Khitab Al-Sharie (The Street Discourse) by Dr. Mohammed Shuman, Dar-Akhbar El-Yom Publishing - Kitab Al-Yom series, 2017. pp.136
The story surrounding this book's writing and publication is crammed with meanings and connotations that are no less significant than its content and the issues and questions it raises. According to author Dr. Mohammed Shuman's introduction, he completed the last chapter and began to revise the final draft in December 2010. But the 25th January Revolution delayed its publishing for about six years.
The book itself attempts to present a comprehensive reading of the discourse of the Egyptian street, the people, life, and death -- as well as the forms of practising power between society and the state, and also between segments that don't interact and aren't equal, although they are all living in Cairo. The author adds that his work relies on his own reading of critical discourse and semiological analysis.
Before a publication agreement could be reached, the 25th January Revolution broke out, bringing the author's plan to a halt. Given Dr. Shuman's observations of the Egyptian street in this time -- of relationships between people and of the transformations that took place affecting all aspects of life -- he found the substance of his book had become unsuitable for publication. His previous conclusions changed completely, thus he saw no point in publishing it.
When he returned to the book years later and compared it with what is going on now, he found that all the transformations and changes that followed the revolution had either vanished or nearly done so. What he found most surprising -- even infuriating -- was that the analysis and conclusions which he had first reached were valid once again -- the revolution passed here then vanished!
The writer raises the following question: Does this mean that the revolution hasn't changed anything in society and social life, and in the people's and the state's discourses? He answers, saying that little has changed and much has returned to what it was previously. He adds that the social practises remain the same and people's talk and the state's practises on every level are surviving and stable.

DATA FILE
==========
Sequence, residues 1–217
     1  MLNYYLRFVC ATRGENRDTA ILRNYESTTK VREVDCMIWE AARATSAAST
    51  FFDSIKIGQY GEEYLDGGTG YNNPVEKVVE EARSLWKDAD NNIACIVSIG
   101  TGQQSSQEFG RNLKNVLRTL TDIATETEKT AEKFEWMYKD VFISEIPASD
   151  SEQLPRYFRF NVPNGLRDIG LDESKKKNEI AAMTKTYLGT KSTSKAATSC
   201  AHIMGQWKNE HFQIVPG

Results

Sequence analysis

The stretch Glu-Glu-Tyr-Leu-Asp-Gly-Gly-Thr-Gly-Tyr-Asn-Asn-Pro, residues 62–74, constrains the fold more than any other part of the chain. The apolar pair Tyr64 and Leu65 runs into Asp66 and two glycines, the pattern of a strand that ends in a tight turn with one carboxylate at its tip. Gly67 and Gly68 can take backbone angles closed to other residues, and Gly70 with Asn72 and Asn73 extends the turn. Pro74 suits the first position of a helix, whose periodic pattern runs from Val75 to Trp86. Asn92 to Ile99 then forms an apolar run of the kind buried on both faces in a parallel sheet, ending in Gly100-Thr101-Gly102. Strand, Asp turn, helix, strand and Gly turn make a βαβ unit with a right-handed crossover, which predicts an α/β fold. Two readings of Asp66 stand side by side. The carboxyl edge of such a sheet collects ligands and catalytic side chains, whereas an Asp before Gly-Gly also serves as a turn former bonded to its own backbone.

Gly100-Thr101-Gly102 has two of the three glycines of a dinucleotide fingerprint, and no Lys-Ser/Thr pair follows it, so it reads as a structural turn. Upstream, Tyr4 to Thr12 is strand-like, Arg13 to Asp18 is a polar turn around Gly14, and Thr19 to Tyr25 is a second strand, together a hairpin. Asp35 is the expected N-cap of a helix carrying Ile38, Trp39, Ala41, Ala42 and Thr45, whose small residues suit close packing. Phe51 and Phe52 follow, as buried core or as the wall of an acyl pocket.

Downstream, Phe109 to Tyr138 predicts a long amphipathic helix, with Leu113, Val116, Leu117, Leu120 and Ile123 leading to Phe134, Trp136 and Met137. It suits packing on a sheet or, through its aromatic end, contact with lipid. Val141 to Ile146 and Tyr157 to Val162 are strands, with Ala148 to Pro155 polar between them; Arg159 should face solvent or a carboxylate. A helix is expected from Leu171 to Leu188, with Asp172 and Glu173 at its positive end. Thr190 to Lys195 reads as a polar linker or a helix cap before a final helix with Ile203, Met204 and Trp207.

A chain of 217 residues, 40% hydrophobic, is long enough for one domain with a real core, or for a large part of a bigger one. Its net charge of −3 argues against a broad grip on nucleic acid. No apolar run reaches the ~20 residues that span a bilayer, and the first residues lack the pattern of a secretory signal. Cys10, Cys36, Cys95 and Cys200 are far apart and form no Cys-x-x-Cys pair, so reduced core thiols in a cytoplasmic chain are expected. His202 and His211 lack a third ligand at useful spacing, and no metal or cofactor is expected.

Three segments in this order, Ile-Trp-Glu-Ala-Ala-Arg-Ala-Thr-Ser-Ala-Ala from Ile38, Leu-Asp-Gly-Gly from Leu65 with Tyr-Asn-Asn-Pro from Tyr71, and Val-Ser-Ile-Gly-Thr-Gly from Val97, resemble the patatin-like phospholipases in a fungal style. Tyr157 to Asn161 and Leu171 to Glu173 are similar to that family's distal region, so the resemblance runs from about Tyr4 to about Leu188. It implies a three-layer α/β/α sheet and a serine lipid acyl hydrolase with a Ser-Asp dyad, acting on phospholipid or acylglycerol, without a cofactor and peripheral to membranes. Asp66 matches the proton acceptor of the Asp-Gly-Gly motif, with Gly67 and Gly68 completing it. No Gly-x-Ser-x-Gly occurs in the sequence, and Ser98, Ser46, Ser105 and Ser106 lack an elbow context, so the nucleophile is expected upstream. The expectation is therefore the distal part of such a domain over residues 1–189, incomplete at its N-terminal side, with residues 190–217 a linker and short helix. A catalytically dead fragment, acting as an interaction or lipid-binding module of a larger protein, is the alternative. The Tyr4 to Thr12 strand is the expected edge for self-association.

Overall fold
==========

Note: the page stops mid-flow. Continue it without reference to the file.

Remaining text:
After all the aforementioned, Dr. Shuman decided to publish the book as it was!
In any case, the work displays the writer's own views on Cairo’s reality, based on the assumption that Cairo constitutes the epotome of what happens in Egypt. For instance, in the first chapter titled "The Power Conflict and the Paradoxes of Street Traffic," Shuman focuses on the city's street chaos and absence of both state authority and traffic systems. Cairo's streets lack meaning and standardisation and are overwhelmed by an evasive and deceitful discourse which is not only the controlled by the state, but by several competing powers. For besides the authority of traffic officers and soldiers, there is the power of drivers, especially whose vehicles are possessed by sovereign authorities; the power of microbus operators and dilapidated public transport buses barreling like monsters in over-crowded streets; the power of taxi drivers who choose the passenger and inquire about his destination, inspecting his appearance before letting him ride. There is also the power of the parking attendants who snatched the mission of organising street corners according to a fee they determine. They pay part of these fees as bribes to some traffic officers in return to allowing them to do so. There is the power of the shop owners who seize street spaces adjacent to their shops. Some of them have even put iron chains or signs to assert their control and ownership of parts of the public roads.
Thus reads the exciting and lively study, in which the writer devotes one chapter to the people of the Cairene street, crowded as it is with hawkers of every kind and beggars alike, assaulted by everyone, with its limited space seized by shop and kiosk owners. He devotes another chapter to the chaos and architectural deformation which have befallen the homes of all Cairenes of all social classes in various quarters and districts. Shuman also devotes an enjoyable third chapter to details about fashion, especially girls' and women's dress, ranging from ordinary clothes, to the veil and the niqab -- all of which jostle beside each other, joining the aforementioned entities in plunging the street into further chaos.
The writer concludes his book with a chapter titled "The Death Discourse." It is the longest chapter due to the importance Egyptians assign to death. It begins with the publishing of obituaries in newspapers and ends with the poor who break into cemeteries to live with dead under the same roof.